Jed Kolko, the former chief economist at Trulia, has been working double time to puncture the idea that the United States is in the midst of a great shift toward urban living. Instead of looking at the movement of Americans to and from cities or metro areas, he’s had the great insight to analyze the growth of different neighborhoods by housing density—the logic being that some cities full of detached single-family homes, like Charlotte, North Carolina, actually look an awful lot like suburbs, and some suburbs full of row houses and apartments, like Hoboken, New Jersey, look and feel a lot like cities. His work has shown that after briefly falling behind following the recession, sprawling ‘burbs are once again growing faster than jam-packed urban neighborhoods. Young adults, often stereotyped as bike-riding, coffee-shop-dwelling city creatures, are actually becoming less urban overall.
That said, the masses of affluent families toting strollers through Brooklyn and San Francisco aren’t a figment of our national imagination. As Kolko details Wednesday, certain demographic groups really are experiencing an urban revival while others retreat to suburbs. The white, the wealthy, the college-educated, and the parent-aged have moved into the densest cities, while the poor and black are moving away. Gentrification isn’t a joke.
The following series of graphs, which Kolko kindly allowed me to post, spells out the story. The highest-earning 40 percent of U.S. households are all more likely now than they were in 2000 to live in the densest urban neighborhoods, a category that encompasses most parts of cities like New York, Chicago, Boston, Philadelphia, and Washington, D.C., plus some thoroughly built-up suburbs like Arlington, Virginia. But the change has been most dramatic at the top of the income ladder: The richest tenth of Americans are now 12 percent more likely to live in a superurban area. Meanwhile, the poorest 12 percent are 17 percent less likely to.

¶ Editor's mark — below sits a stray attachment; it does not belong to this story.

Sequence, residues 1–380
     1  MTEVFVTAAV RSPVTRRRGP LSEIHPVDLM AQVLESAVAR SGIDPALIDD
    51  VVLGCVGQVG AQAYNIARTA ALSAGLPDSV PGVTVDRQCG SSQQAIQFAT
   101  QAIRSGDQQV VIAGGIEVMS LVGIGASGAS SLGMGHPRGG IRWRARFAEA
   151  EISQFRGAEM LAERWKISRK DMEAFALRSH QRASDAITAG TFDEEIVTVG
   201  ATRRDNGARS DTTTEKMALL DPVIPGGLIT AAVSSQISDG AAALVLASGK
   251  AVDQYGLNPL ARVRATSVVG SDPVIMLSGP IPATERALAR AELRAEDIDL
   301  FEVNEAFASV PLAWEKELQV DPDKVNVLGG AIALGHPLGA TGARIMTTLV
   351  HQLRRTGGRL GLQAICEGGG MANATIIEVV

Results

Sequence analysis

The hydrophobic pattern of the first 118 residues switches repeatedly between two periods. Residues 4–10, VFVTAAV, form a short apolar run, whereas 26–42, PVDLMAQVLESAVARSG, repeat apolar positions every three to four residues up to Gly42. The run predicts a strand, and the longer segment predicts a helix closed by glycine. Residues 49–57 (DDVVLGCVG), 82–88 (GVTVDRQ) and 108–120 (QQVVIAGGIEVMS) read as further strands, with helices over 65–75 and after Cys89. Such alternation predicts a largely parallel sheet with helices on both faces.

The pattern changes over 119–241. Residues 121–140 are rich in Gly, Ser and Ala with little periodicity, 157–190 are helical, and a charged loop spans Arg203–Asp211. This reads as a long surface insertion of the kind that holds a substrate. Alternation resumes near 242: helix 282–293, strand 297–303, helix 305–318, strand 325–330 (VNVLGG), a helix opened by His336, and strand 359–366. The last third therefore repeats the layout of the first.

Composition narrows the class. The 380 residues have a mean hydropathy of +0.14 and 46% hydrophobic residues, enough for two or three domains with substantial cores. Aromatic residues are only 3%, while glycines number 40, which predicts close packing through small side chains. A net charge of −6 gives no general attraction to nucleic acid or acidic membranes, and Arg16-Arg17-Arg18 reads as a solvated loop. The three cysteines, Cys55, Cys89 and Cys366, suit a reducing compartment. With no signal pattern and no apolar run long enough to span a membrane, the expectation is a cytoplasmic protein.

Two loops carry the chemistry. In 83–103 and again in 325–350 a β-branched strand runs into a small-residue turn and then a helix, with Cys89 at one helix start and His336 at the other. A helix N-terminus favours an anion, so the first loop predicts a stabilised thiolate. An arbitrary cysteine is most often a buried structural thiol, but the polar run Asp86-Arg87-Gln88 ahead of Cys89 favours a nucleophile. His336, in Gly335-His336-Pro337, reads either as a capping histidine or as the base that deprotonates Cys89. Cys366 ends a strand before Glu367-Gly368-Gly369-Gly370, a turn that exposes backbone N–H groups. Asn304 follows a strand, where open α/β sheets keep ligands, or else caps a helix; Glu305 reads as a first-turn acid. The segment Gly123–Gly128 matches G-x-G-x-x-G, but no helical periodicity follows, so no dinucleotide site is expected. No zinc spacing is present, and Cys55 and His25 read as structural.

Older millennials are, indeed, more likely to live downtown than young adults were a decade-and-a-half ago. But among all age groups, the biggest shift toward high-density urban living has been among 35-to-39-year-olds—the younger slice of Gen X.
Among those age brackets, though, only the college-educated are returning to the city on net. And while parents with young children are moving to denser, urban areas, those with older kids have shifted to the suburbs, suggesting schools are still driving families into the ’burbs.
Finally, while whites really are becoming far more urban, black households are becoming far less so.
The return of affluent, educated whites to the urban core obviously has lots of economic and political upsides for major cities (it brings in tax dollars and spending; state and national politicians are a lot less likely to ignore the desires of the upper-middle class than the poor; etc.). But it’s not clear anybody has a good answer for what to do about the low-income families that are being pushed to the metro periphery, further from jobs and the social services geared toward supporting them. Given that longer commutes are associated with lower levels of income mobility, it’s possible that the changing faces of our cities are going to make it harder for the poor to escape poverty.
America’s biggest cities might not quite be citadels of privilege, but they’ve moved further in that direction. Urban decay created one set of problems. Urban revival will create its own.